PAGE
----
If Dr. Heasley is to be believed, the first is damaging to morale, and could ultimately result in a serious loss of resources (as employees leave the company in protest) and a diminishment of productivity as work slows down because of lack of motivation and unrest.
The second can produce a “free for all” situation in which company privacy can be seriously violated.
Somewhere between these two extremes lies an approach that protects company assets but at the same time allows enough freedom for the employee to feel she is not placed on some sort of “short — and intellectually strangling — leash”.
One needs a policy that protects the company and creates an intellectually free atmosphere of company loyalty, creativity, and high productivity.
“I kind of feel like, someone is watching me…”
Although 80% of all employers surveyed say they notify employees that they are being monitored, it is not clear how much of a deterrent to private Internet and email use and abuse this truly is.
The fact that an employee “intellectually” knows the company is surveying its staff translates into, “Yeah, but there are so many employees they’ll never notice me, and besides what I’m doing isn’t that big a deal.”
The employee will go on personally using the Internet until the day she suddenly finds herself in her boss’ office discovering that her web and email use has been tracked, and she is about to be escorted off the premises.
In addition, unfair and inconsistent application of policies and discipline leads to morale problems. While one employee, known to be a productive worker and highly valued for her skills, is allowed to go shopping on line, another worker is disciplined for it.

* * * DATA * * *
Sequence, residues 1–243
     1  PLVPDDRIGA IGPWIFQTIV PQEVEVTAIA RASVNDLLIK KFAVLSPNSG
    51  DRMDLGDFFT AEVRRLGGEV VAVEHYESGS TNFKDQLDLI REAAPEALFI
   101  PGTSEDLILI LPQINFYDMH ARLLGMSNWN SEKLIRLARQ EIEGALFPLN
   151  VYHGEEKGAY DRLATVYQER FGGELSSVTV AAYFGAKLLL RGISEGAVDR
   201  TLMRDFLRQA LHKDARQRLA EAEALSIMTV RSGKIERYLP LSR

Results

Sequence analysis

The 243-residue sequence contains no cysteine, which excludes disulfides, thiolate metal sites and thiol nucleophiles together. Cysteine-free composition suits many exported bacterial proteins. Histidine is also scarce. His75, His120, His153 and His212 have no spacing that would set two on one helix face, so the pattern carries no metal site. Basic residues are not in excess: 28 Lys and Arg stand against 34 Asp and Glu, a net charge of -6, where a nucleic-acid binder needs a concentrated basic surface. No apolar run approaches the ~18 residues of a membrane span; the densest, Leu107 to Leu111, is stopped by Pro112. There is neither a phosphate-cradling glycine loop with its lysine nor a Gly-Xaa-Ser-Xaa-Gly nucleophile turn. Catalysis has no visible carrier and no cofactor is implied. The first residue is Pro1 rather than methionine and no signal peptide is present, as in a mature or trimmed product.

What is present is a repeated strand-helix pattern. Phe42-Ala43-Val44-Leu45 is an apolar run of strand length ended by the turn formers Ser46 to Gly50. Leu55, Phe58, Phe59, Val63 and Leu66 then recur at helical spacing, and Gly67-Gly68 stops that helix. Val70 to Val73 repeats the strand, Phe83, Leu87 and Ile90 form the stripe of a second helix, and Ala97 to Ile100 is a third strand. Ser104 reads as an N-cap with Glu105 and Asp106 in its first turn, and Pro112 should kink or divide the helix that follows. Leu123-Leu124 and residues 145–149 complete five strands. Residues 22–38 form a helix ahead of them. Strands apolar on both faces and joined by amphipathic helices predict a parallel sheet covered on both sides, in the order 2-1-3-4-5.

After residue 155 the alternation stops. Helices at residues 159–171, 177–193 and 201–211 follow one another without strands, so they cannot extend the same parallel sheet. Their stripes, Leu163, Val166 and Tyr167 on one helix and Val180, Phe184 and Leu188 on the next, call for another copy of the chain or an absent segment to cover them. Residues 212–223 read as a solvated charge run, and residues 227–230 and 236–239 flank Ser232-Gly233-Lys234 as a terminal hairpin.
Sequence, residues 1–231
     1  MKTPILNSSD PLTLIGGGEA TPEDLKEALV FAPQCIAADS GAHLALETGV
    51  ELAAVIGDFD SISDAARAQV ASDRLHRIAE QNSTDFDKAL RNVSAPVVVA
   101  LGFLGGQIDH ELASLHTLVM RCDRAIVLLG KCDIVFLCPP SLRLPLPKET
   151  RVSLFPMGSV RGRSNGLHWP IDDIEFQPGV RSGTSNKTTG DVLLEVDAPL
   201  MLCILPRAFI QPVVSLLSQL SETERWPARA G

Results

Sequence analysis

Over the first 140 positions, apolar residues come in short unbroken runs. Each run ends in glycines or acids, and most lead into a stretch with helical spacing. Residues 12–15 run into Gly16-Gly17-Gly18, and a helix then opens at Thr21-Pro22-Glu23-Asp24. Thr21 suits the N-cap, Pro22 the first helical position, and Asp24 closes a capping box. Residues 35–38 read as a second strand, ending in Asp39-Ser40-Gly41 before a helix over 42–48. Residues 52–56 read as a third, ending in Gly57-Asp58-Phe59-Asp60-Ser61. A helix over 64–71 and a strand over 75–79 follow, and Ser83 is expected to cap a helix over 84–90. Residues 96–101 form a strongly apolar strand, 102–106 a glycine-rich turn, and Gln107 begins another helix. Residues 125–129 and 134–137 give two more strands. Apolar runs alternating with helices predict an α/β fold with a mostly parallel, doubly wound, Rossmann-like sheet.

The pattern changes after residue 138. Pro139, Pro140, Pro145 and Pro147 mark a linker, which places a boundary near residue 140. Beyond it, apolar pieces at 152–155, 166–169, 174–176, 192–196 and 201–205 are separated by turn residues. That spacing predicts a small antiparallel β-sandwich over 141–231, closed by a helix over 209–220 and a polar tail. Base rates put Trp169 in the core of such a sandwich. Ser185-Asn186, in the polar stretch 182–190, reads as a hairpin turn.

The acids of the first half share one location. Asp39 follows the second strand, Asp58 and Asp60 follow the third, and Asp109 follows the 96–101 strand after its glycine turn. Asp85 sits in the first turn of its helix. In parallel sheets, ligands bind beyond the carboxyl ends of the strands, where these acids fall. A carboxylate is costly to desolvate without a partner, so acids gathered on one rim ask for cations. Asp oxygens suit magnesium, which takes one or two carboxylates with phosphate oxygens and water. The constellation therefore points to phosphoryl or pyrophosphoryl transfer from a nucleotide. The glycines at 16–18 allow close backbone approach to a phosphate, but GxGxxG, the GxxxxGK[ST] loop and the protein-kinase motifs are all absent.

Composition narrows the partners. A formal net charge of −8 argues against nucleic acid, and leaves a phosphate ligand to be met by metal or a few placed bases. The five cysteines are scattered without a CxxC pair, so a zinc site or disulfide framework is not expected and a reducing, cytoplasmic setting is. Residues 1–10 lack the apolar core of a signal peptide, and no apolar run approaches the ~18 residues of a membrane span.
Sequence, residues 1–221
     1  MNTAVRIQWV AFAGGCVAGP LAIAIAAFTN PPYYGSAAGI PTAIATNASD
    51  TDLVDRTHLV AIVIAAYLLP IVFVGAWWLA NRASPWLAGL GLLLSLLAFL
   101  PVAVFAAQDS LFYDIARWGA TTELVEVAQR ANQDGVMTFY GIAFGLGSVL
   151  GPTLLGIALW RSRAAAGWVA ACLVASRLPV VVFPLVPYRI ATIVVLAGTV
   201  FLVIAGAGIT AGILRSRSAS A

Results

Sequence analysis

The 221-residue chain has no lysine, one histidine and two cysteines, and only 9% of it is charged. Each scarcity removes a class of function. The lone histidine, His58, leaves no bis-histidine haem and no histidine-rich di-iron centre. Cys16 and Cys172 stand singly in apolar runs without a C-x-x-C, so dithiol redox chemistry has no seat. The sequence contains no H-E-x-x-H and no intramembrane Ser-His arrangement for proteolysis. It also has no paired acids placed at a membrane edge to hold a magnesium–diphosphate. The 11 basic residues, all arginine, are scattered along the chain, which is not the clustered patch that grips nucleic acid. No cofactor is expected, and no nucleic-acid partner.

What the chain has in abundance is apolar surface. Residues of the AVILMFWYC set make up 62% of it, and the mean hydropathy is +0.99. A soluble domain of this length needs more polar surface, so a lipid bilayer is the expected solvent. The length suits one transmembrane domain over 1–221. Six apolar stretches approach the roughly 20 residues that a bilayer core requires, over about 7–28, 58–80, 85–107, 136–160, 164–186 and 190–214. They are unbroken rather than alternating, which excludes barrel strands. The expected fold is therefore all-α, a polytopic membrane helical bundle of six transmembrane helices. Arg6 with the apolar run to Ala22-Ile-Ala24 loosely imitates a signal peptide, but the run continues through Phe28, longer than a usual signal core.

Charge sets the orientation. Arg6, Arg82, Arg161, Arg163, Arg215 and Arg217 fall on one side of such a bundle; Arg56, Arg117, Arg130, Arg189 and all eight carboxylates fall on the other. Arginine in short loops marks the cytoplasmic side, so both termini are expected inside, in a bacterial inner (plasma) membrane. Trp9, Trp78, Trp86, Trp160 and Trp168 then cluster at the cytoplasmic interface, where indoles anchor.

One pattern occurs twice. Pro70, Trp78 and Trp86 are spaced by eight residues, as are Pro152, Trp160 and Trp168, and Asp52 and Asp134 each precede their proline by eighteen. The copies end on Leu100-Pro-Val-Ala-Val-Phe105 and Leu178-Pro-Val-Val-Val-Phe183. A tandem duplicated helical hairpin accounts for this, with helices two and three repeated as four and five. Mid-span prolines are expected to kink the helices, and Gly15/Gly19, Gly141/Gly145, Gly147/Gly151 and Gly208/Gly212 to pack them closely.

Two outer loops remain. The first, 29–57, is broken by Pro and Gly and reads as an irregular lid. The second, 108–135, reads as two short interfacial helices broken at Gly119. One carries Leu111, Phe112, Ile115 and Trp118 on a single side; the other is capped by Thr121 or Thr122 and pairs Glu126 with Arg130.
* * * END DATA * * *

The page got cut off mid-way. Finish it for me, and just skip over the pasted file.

If you think that policies applied unfairly or inconsistently are not noticed (and resented) by the workforce, think again.
Practices like these translate into low morale, low productivity, and in extreme cases…lawsuits.
Toward an Alternate Internet Policy
How, then, can an Alternate Internet Policy be developed, one that boosts morale, encourages productivity and still protects the company from time and resource waste, compromise, and exposure to lawsuits?
To develop such a policy, Company Executives need to consider and do the following:
1) Implement a consistent surveillance program that uses software capable of recording and logging email messages, sites and chat rooms visited, time spent on sites, and Internet message and chat room conversations.
2) Define what “reasonable use” is and what can and can not be tolerated. Are 10 – 15 minutes spent checking company and private email, shopping online, or paying bills ok? Is this to be distinguished from a five hour online video game session which may use up considerable bandwidth during times when the client is uploading data?
3) Determine whether email conversations between friends, or even between clandestine lovers, are as serious and worthy of attention as email sent out to encourage revolt against the boss, disparage a fellow coworker or divulge private company information.
4) Establish a written policy of Internet, email and phone usage. Define disciplinary steps and measures which will modify employee behavior, rather than punish it.
5) Inform employees of the policy and state plainly that they are under surveillance. State clearly that Company Management is not looking for occasional violators, but serious abusers and define what serious abuse is.
6) Be prepared for the Internet addict. The Internet is a seriously addicting environment. For some it is like placing an alcoholic in front of a cabinet of booze. Before firing a productive employee, try to work with that individual to overcome his/her addiction. Perhaps removing the Internet from their computer altogether is the solution.